INTRODUCTION AND EPIDEMIOLOGY
Hypothyroidism is a clinical syndrome caused by insufficient thyroid hormone production, which slows cell metabolism. Hypothyroidism is common in areas where iodine deficiency is common, particularly inland areas where there is no access to marine foods. In iodine-sufficient areas, chronic autoimmune destruction of thyroid gland (e.g., Hashimoto's thyroiditis) and iatrogenic causes from treatment of Graves' disease are the leading causes of hypothyroidism (after thyroidectomy or radioactive iodine ablation). The prevalence of hypothyroidism increases with age, and the disorder is nearly 10 times more common in females than in males.1 Subclinical hypothyroidism is more prevalent than overt hypothyroidism in all age groups and can be seen in 4% to 15% of women, especially the elderly.2,3
Hypothyroidism occurs in 1% to 32% of patients taking amiodarone.1
Primary hypothyroidism is caused by the intrinsic dysfunction of the thyroid gland, and this is the most common type. Secondary hypothyroidism is caused by a deficiency of thyroid-stimulating hormone from the pituitary gland or deficiency of thyrotropin-releasing hormone from the hypothalamus. Table 228-1 lists common causes of hypothyroidism. Euthyroid sick syndrome or low thyroxine syndrome, also called nonthyroidal illness, is the term used for patients with low triiodothyronine and thyroxine levels and a normal or low thyroid-stimulating hormone level, but who are clinically euthyroid. This condition is found in critically ill patients or those with severe systemic illness.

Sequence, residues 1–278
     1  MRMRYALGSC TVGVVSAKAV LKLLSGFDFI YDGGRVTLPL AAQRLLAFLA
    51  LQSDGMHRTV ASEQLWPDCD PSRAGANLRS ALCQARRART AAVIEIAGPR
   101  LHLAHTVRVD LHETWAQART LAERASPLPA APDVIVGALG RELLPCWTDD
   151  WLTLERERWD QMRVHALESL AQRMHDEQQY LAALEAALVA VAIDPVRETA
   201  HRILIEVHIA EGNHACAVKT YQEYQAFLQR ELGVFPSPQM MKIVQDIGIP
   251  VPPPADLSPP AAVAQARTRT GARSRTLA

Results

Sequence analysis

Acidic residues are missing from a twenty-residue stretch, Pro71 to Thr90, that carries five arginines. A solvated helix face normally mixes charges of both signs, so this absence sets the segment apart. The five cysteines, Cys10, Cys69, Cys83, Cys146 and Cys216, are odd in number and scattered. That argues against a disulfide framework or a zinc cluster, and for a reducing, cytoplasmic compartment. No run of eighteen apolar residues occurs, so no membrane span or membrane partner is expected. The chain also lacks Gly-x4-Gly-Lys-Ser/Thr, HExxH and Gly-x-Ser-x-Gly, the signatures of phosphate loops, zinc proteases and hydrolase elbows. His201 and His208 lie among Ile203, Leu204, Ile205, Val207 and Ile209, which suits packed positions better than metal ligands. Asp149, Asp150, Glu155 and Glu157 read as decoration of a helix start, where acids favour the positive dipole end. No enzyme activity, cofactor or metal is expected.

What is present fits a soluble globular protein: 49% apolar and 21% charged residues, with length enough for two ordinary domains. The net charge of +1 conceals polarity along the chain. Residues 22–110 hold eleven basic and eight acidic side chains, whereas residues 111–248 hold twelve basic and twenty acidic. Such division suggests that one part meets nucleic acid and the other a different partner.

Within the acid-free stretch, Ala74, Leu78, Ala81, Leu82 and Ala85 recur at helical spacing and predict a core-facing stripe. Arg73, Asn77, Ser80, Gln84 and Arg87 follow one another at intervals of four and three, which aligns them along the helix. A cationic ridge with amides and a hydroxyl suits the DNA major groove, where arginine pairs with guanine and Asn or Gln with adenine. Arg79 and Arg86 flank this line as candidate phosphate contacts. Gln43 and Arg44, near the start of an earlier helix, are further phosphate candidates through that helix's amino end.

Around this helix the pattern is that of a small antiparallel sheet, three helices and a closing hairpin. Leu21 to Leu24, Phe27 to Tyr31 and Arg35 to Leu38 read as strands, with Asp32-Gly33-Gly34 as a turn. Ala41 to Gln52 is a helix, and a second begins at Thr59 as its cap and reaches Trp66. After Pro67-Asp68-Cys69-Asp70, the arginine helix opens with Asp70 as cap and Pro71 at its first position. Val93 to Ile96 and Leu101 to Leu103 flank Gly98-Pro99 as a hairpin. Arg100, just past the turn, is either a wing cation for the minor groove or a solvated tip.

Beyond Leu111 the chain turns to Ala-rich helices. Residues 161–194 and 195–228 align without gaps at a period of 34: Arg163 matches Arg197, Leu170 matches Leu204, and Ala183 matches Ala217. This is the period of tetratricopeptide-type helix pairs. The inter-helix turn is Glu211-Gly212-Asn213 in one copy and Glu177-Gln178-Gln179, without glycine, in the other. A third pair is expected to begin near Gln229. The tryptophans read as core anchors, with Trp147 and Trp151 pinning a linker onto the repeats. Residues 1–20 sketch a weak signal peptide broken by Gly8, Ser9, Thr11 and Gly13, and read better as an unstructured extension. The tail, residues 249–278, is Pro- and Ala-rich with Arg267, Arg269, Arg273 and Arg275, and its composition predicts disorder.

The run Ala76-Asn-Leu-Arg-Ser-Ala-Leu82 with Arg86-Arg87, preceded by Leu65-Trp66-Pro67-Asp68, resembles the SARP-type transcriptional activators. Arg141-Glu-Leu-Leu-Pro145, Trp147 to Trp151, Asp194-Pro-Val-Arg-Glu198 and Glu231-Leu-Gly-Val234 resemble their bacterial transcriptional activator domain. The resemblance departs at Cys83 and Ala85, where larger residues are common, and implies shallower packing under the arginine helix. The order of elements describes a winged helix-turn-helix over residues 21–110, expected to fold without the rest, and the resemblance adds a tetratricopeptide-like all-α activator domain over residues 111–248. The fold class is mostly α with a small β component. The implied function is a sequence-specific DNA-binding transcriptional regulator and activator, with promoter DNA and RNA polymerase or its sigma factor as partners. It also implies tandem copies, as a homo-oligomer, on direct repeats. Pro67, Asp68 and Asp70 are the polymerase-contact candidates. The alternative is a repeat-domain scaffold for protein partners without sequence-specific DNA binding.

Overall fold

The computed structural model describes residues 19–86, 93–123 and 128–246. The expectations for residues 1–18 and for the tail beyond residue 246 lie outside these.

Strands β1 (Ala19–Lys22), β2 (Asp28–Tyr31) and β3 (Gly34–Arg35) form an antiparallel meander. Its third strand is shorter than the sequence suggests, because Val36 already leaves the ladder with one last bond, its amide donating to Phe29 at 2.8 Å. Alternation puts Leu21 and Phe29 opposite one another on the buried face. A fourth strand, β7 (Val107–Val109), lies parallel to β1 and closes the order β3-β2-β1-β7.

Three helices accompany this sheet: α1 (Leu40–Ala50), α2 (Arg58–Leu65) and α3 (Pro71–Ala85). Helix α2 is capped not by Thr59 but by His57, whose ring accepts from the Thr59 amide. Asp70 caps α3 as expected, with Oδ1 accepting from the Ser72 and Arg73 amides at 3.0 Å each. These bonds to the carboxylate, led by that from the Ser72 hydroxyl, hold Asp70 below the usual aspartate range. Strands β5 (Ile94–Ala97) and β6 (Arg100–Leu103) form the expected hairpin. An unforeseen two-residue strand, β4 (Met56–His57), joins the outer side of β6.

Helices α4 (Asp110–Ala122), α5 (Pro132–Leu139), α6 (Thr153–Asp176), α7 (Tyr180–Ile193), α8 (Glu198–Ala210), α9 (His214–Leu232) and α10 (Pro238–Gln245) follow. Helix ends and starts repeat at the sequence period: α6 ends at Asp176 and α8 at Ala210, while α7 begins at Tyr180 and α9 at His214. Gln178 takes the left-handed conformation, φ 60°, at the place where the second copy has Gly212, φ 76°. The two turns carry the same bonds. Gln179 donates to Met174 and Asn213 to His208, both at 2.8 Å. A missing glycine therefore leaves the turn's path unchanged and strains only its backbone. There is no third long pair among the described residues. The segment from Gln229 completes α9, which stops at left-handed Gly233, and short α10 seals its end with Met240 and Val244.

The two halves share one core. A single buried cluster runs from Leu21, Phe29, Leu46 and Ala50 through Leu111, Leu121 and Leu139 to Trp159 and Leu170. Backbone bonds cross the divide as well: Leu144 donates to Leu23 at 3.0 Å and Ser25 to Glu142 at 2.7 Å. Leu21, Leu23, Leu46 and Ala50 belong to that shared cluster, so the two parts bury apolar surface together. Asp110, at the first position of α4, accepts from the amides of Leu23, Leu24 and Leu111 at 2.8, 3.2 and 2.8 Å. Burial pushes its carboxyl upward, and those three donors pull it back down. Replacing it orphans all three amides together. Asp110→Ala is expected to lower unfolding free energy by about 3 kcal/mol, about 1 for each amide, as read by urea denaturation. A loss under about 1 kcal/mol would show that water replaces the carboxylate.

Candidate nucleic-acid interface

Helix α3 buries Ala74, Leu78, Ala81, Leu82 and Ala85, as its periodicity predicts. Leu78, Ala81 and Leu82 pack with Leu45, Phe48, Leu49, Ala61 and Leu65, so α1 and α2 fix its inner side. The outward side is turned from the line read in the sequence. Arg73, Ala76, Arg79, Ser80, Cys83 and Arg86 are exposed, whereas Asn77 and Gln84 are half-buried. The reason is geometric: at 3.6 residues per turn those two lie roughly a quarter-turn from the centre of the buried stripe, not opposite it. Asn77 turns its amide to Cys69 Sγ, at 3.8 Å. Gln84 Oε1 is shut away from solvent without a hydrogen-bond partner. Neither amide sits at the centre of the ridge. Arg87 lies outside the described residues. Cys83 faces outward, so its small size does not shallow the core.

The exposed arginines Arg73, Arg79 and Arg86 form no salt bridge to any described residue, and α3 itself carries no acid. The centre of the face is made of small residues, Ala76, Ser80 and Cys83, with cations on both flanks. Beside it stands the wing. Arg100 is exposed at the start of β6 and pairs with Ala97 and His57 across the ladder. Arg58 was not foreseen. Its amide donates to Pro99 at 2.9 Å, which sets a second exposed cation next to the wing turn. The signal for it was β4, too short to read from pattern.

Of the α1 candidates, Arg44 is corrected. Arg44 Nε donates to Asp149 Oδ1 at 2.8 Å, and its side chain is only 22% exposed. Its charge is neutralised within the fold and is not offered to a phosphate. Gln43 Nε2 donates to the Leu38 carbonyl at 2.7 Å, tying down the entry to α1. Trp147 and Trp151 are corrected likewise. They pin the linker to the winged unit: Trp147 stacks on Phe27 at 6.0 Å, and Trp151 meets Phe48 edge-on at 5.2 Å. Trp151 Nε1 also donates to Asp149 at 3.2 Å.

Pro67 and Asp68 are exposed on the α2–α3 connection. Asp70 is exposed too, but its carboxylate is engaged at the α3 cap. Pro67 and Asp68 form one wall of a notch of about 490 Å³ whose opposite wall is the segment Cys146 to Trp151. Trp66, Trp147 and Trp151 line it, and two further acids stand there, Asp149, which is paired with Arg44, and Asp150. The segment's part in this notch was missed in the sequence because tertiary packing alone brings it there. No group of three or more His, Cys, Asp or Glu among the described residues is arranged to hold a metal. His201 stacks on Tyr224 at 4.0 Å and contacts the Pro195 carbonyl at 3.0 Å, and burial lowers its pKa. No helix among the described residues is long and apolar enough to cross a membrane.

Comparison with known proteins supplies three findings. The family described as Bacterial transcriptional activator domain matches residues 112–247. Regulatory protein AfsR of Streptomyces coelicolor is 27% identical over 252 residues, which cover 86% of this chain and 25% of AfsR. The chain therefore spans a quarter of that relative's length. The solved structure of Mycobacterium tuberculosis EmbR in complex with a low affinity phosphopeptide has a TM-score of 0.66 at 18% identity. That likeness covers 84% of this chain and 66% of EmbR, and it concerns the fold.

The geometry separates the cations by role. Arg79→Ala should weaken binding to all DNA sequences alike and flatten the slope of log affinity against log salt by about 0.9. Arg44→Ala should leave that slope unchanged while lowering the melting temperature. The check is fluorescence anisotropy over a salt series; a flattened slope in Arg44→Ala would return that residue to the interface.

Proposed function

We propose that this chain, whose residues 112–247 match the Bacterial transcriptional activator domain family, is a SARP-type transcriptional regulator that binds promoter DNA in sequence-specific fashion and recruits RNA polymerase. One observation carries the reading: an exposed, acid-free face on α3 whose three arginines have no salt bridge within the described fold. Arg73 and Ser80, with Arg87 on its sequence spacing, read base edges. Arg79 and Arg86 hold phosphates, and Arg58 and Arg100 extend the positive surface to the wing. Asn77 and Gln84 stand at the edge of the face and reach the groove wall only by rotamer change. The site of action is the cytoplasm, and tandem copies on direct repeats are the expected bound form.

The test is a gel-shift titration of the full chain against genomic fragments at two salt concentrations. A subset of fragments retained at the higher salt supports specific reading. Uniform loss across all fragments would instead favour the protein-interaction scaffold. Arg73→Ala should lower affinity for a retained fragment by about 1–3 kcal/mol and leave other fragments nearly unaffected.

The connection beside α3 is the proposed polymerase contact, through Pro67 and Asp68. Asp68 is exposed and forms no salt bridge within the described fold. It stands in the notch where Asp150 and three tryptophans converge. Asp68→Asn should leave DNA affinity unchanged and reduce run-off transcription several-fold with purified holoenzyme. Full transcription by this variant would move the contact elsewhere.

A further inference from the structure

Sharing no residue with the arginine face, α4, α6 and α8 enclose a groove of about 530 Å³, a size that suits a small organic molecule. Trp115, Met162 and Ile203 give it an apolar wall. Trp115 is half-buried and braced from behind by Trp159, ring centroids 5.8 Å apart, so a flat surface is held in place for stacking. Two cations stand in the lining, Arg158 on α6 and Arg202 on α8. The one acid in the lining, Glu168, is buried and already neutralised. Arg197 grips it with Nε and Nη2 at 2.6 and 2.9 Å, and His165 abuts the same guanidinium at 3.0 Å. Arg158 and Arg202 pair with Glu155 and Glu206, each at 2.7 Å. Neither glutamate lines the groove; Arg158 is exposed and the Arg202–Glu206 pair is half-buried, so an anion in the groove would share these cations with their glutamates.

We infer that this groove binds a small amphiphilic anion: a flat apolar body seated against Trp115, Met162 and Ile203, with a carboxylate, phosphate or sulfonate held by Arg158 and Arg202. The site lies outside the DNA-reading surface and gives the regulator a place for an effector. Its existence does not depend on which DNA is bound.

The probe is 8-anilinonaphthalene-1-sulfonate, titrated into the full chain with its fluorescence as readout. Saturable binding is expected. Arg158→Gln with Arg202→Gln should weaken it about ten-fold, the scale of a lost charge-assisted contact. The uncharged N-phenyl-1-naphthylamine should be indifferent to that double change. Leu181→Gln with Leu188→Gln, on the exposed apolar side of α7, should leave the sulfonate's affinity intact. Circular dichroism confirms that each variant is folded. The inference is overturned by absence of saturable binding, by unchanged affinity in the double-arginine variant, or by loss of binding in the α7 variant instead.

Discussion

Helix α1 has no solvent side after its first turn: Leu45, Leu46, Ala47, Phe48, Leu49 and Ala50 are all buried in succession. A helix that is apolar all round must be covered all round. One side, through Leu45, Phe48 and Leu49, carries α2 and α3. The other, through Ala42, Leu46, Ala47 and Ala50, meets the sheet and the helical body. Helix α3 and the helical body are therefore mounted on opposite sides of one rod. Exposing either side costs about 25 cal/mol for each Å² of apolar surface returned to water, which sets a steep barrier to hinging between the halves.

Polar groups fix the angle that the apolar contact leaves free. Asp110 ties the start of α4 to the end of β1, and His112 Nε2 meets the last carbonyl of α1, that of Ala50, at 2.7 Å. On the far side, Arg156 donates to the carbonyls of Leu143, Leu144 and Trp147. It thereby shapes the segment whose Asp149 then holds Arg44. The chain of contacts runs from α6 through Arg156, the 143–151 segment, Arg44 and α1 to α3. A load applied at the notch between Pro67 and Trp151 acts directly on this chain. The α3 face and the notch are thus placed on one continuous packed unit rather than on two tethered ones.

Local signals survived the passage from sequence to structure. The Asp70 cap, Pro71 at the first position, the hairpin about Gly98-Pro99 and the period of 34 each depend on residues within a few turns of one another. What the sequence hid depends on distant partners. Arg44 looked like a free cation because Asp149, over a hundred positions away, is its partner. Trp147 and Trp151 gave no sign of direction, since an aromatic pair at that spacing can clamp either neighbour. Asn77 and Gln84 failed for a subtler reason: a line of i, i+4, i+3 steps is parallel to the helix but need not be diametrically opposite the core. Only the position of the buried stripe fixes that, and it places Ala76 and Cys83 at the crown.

TABLE 228-1Common Causes of Hypothyroidism |Favorite Table|Download (.pdf) TABLE 228-1 Common Causes of Hypothyroidism
|Primary Hypothyroidism (disorders of thyroid gland) ||Secondary Hypothyroidism (disorders at hypothalamic-pituitary axis) |
|Autoimmune etiologies (Hashimoto's) ||Panhypopituitarism |
|Thyroiditis (subacute, silent, postpartum)* ||Pituitary adenoma |
|Iodine deficiency ||Infiltrative causes (e.g., hemochromatosis, sarcoidosis) |
|After ablation (surgical, radioiodine) || |
|After external radiation ||Tumors impinging on the hypothalamus |
|Infiltrative disease (lymphoma, sarcoid, amyloidosis, tuberculosis) || |
History of brain irradiation
Infection (e.g., tuberculosis of the brain)
|Other Causes |
Drugs affecting thyroid gland function
Triiodothyronine is the major form of thyroid hormone. The ratio of triiodothyronine to thyroxine released in the blood is about 10:1. Peripherally, triiodothyronine is converted to the active thyroxine, which is three to four times more potent than triiodothyronine. The half-life of triiodothyronine is 7 days, and the half-life of thyroxine is about 1 day.
CLINICAL FEATURES OF HYPOTHYROIDISM
Symptoms can manifest in all organ systems and range in severity based on the degree of hormone deficiency (Table 228-2).
TABLE 228-2Symptoms and Signs of Hypothyroidism
The common clinical features of hypothyroidism are listed in ...